Your Crepe Myrtle Bonsai tree will flourish when provided with plenty of sunlight, which will help to nurture the spectacular flowers to bloom.
Dogwood Bonsai Tree
Dogwood trees are perfectly well-suited to practice the art of Bonsai.
These charming fellows take both training and pruning very well, and thus, even newbie bonsai gardeners can achieve amazing results when taking care of a Dogwood Bonsai tree.
In their natural environment, dogwoods will grow at a modest rate. You can expect to see deep green vegetation, which goes through shades of purple and red in the fall.
As soon as the spring arrives, your dogwood bonsais will start sprouting blossoms of enchanting flowers, which emit a sweet perfume scent before they gradually enter the yearly spring greenery phase.
Contrary to many other bonsais, dogwoods are aficionados of shady locations and you don’t have to look for ways to supply them with plenty of daily sunlight.
Ficus Bonsai Tree
With the very mention of ficus bonsai trees, it is crucial to understand that there are actually about 850 Ficus varieties!
Some of the most popular ones include FicusBenjamina, FicusMacrophylla, FicusSalicifolia, and FicusRetusaMicrocarpa, among others.
A huge percent of ficus varieties take pruning with elegance and they respond very friendly even to restrictions in bonsai growth.
However, before starting to cultivate a Ficus tree, keep in mind that these plants are strictly suited for indoor growing.
They also love plenty of sunlight, so choosing a well-located sunny window or other appropriate location is a must.
But apart from these major guidelines, your Ficus Bonsais will be very forgiving to all your possible mistakes as a gardener.
And that is exactly why even beginners can do fair well with cultivating a ficus bonsai tree.
Fukien Tea Bonsai Tree
Fukien Tea tree can grow into a strikingly graceful bonsai, which will bring delight to anyone, who is lucky to contemplate it.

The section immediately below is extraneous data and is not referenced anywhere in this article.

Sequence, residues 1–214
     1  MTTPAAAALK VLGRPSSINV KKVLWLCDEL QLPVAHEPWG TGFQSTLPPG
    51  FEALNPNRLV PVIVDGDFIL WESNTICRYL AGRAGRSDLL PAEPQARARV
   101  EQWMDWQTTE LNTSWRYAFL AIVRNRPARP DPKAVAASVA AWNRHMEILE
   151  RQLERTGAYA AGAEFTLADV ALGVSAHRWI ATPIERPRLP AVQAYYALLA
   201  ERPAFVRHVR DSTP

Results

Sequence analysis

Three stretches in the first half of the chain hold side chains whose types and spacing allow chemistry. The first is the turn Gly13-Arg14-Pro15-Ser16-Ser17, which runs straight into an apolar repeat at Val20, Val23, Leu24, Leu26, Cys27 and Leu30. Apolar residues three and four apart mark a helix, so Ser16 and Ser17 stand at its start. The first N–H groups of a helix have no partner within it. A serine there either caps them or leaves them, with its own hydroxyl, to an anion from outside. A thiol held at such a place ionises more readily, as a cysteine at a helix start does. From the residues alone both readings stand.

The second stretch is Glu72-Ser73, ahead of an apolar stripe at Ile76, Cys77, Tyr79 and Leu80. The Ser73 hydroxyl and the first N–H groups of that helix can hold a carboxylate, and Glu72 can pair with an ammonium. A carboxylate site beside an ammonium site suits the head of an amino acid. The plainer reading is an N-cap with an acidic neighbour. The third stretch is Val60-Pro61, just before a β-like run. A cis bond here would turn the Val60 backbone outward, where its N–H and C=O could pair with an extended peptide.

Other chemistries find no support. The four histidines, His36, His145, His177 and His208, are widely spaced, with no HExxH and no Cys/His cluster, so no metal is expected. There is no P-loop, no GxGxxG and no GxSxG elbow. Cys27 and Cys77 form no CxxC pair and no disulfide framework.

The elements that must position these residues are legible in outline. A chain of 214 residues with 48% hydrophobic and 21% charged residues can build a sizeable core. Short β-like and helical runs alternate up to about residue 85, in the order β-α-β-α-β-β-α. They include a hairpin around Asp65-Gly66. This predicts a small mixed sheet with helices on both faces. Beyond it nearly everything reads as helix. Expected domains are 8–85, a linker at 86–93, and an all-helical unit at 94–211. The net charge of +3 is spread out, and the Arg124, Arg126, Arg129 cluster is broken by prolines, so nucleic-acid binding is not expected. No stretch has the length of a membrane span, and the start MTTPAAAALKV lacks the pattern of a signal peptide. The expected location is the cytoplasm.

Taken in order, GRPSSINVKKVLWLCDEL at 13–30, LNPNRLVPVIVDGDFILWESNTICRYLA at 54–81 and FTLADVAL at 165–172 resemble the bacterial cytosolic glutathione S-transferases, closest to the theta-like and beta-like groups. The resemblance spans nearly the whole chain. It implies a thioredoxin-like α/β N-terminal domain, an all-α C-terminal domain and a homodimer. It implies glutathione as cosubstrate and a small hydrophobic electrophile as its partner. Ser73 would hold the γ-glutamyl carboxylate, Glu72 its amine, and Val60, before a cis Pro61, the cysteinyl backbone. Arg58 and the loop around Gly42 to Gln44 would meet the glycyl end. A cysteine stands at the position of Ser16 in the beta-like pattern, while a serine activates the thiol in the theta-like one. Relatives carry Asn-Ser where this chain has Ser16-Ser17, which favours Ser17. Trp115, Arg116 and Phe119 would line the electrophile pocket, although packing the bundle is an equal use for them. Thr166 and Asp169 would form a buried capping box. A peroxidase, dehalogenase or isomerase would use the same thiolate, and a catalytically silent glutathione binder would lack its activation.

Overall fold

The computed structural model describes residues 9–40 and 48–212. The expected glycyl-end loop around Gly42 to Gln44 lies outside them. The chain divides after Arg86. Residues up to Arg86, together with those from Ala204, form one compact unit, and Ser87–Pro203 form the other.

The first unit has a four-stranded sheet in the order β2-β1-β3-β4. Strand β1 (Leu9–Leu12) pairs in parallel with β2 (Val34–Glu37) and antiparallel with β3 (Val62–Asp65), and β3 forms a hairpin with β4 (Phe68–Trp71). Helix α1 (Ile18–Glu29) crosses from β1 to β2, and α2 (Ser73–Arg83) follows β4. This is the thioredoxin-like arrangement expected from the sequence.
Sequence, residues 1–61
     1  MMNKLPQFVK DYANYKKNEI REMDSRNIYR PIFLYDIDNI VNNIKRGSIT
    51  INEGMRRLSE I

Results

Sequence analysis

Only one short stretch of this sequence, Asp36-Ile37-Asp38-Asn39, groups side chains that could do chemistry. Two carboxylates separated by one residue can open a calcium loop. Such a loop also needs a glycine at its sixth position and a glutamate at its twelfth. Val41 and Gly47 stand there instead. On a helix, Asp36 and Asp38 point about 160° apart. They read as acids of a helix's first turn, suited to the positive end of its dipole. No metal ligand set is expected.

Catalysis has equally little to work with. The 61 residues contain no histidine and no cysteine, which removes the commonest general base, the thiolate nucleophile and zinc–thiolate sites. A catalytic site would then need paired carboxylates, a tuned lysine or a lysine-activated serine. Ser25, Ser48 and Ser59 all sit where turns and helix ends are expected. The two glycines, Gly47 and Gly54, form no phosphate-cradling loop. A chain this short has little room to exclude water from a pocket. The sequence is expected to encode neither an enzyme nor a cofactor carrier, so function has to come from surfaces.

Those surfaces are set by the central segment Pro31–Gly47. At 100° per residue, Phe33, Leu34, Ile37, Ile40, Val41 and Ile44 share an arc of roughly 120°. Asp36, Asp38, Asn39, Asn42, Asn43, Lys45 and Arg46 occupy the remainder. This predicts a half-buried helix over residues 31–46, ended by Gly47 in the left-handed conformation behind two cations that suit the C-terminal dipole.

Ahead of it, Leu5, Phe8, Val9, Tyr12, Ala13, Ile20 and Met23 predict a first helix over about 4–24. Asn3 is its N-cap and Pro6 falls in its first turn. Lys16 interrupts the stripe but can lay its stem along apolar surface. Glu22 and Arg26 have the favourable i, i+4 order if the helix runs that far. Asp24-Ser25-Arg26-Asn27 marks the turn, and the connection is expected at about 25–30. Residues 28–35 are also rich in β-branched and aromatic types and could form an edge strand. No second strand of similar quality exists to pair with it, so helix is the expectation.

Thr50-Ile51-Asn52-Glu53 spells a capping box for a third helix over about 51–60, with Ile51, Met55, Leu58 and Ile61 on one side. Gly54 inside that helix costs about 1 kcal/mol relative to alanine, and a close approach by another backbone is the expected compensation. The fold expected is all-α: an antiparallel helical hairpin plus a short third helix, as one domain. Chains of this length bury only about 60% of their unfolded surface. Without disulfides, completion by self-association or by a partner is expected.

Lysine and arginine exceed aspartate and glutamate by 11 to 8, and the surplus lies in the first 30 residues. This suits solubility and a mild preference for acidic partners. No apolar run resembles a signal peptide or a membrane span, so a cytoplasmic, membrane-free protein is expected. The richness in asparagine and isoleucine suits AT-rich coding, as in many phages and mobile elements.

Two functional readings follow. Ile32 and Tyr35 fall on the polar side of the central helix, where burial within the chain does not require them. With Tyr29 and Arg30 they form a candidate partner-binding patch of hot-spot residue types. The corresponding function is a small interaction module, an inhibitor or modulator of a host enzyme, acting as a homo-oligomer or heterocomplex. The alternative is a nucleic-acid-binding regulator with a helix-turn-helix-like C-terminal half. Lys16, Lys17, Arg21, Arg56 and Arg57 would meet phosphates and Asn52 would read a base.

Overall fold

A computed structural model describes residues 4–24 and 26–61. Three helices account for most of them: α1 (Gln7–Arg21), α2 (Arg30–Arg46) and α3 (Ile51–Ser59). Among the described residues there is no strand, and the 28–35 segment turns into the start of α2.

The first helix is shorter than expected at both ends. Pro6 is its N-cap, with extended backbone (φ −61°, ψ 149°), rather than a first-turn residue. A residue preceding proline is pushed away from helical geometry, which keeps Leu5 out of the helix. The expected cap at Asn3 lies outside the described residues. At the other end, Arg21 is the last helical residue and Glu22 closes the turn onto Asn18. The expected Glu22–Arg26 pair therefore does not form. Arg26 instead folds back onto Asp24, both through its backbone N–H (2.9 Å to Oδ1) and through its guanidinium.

However, Fukien Tea is also one of the most challenging tree varieties which can be introduced to Bonsai cultivation.
Thus, if this is your very first time with practicing Bonsai or you have very little experience with this ancient discipline, it is best to avoid opting for a Fukien tea tree.
That’s because both cultivation and maintenance will require specific skills, which can only be attained through years of practice.
Nevertheless, pruning is also difficult if you lack the proper knowledge.
On another note, those who are more seasoned with Bonsais will love to experiment with the various shapes and techniques which Fukien tea trees allow to be applied.
Thus, every effort spent of sculpting your Fukien tea bonsai tree will definitely repay you in time and make you feel proud of your creation.
Ginkgo Bonsai Tree
Ginkgo biloba is a world-famous plant for its highly valued medicinal properties and the one-of-a-kind shape of the leaves, which makes it almost impossible to mistake it with any other tree variety.
What’s more, Ginkgo biloba is the only tree specimen, which has no currently known close relatives.
And nonetheless, it is also one of the most ancient plant specimens on Earth.
But keeping in mind the unique ability of Ginkgo trees to grow in all kinds of utmost harsh terrains, it is no wonder how these species managed to evolve and survive for thousands of years.
Interestingly, a Gingko tree is entirely capable to sprout along rocky surfaces, such as a cliff bank, for example.
Long before being introduced to the art of Bonsai, Gingko trees were native to Asia.
Ginkgo bonsai trees will reward their cultivators with beautifully yellowing leaves, which are expected to fall off with the winter season approaching.
Ginseng Ficus Bonsai Tree
The unusual appearance of Ginseng Ficus trees makes these species invaluable to Bonsai cultivators.
On the one hand, a Ginseng Ficus Bonsai tree is very hardy, with a high resistance to all your possible mistakes as a gardener, which makes it incredibly well-suited even for beginners.
But on the other hand, it is not solely the newbie Bonsai cultivators, who enjoy the looks of the Ginseng Ficus trees massive, thick trunks, along with the crown of dense foliage on top.
Despite the multiple Ginseng Ficus varieties, though, only about 6 of these are usually picked as more appropriate than the rest for practicing the art of Bonsai.
Native to Malaysia and Taiwan, most Ginseng Ficus trees grow several large roots, which do not tend to remain hidden beneath the soil.
Instead, they resemble the looks of trunks with many interesting twists and curves to delight both the Bonsai creator and the mere observers of those amazing miniature trees.
Grapevine Bonsai Tree
In their natural environment, Grapes are nothing less than climbing vines.